The hardware

The first thing needed was to get the analog data into a microcontroller. That's kind of tricky: the data is clocked out of the CCD at a speed of 2MHz and still is analog. The way the original hardware solved it was with a dedicated, fast 8-bit DA-converter and what seems to be a bit of dedicated hardware inside the main controller chip. I was planning on using only the ATMega88. The signal I was trying to aquire was analog, but for my purpose I could view it as a digital signal: either there is or there isn't a shadow falling on the pixel being read.

The ATMega88 actually should be quick enough to be able to read 1-bit digital signals in using only software: it can be clocked at 20MHz which, with a pixel clock of 2MHz, gives 10 instructions per pixel to read it out and store it somewhere in memory. That would mean implementing some tight assembly code routines, though. There's also another way to read in the pixels: using the SPI port. This integrated peripherial device can read in eight bits of data at once and present it to the software running on the microcontroller as a byte. This way, I'd have 80 instruction cycles to process one byte. That should be enough for even unoptimized C-code. Hardware-wise this doesn't take much components either: the analog output from the CCD can be fed directly into the SPI-datapin of the AVR; the pin will read a '1' if the analog level is high enough and '0' otherwise. The brightness input of the line-CCD can then be used to set the appropriate treshhold.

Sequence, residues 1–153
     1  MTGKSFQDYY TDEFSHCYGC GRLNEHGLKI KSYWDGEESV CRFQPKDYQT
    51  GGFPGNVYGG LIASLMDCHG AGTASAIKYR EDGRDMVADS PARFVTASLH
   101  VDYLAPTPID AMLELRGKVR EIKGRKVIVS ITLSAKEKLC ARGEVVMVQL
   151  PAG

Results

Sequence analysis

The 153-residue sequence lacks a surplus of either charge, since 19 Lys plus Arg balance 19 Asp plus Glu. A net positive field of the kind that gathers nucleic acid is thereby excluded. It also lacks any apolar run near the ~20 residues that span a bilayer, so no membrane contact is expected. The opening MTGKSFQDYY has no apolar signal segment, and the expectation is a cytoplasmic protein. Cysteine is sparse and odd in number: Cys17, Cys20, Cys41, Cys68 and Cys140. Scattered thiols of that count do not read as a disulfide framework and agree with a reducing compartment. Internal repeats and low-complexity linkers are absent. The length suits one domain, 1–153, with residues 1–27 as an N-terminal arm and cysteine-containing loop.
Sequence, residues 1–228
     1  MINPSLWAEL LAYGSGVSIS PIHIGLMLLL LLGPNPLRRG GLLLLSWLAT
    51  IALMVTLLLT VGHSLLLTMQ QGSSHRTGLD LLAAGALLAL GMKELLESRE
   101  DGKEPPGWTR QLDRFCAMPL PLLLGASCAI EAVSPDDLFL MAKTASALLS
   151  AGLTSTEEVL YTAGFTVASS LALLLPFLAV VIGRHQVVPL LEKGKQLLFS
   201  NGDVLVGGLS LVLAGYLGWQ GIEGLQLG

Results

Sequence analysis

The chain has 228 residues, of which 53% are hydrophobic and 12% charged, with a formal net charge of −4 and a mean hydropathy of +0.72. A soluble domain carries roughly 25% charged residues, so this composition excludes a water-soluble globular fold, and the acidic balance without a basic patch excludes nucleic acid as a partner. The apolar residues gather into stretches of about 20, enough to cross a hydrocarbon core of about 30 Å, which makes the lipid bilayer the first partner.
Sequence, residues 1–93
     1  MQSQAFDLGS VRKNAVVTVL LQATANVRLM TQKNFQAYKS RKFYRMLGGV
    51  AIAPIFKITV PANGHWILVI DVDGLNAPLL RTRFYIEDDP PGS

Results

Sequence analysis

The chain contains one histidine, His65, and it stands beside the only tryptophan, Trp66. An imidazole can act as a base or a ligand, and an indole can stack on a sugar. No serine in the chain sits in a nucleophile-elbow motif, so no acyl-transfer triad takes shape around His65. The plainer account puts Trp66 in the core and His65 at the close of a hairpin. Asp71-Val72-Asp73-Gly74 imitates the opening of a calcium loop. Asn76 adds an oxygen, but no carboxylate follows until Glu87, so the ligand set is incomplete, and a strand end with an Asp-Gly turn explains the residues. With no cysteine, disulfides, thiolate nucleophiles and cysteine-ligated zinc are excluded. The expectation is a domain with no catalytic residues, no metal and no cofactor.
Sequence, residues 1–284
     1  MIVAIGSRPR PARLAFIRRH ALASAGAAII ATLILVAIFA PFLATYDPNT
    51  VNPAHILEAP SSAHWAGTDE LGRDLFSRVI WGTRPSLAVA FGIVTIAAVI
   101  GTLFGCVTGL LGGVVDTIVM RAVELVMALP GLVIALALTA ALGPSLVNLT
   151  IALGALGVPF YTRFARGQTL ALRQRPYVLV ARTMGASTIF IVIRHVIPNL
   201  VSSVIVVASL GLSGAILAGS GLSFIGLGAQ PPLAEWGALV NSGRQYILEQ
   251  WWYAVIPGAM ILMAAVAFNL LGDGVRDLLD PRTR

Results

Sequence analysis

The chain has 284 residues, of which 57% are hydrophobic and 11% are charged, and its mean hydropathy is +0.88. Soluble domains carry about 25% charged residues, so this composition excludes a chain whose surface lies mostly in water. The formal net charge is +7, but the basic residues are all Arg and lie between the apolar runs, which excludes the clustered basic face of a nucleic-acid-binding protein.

There's one other thing I had to take care of: Because the CCD doesn't work correctly unless there's a continuous clock applied to it and the SPI clock stops when the program doesn't request a byte, I had to generate the clock signal somewhere else. I used a timer pin for that: it generates a continuous 2MHz signal. When the firmware wants to read a line, it'll pulse the 'latch'-input of the ccd, which then starts to output pixel levels. These are read in by the SPI-unit, configured as a slave, and stored in memory to be sent to the computer.

All that made me come up with the following schematic:

The big chip in the middle is an ATMega88p. It runs at 3.3V, just like the line-CCD. In theory, I shouldn't be able to drive it at 20MHz (at 3.3V, that's outside of its specifications) but in practice, I never had any problems with it. The AVR controls 5 IR-leds, which are generic 850nm infrared LEDs. Because I decided to do the bulk of the processing on the PC and this was just a proof-of-concept, I decided to communicate the locations of the shadows to the PC by just using the UART and an FT232 board I had lying around. Per shadow, the microcontroller will send its location, the size of the shadow and the LED that caused it, so there's only a few bytes to send anyway.

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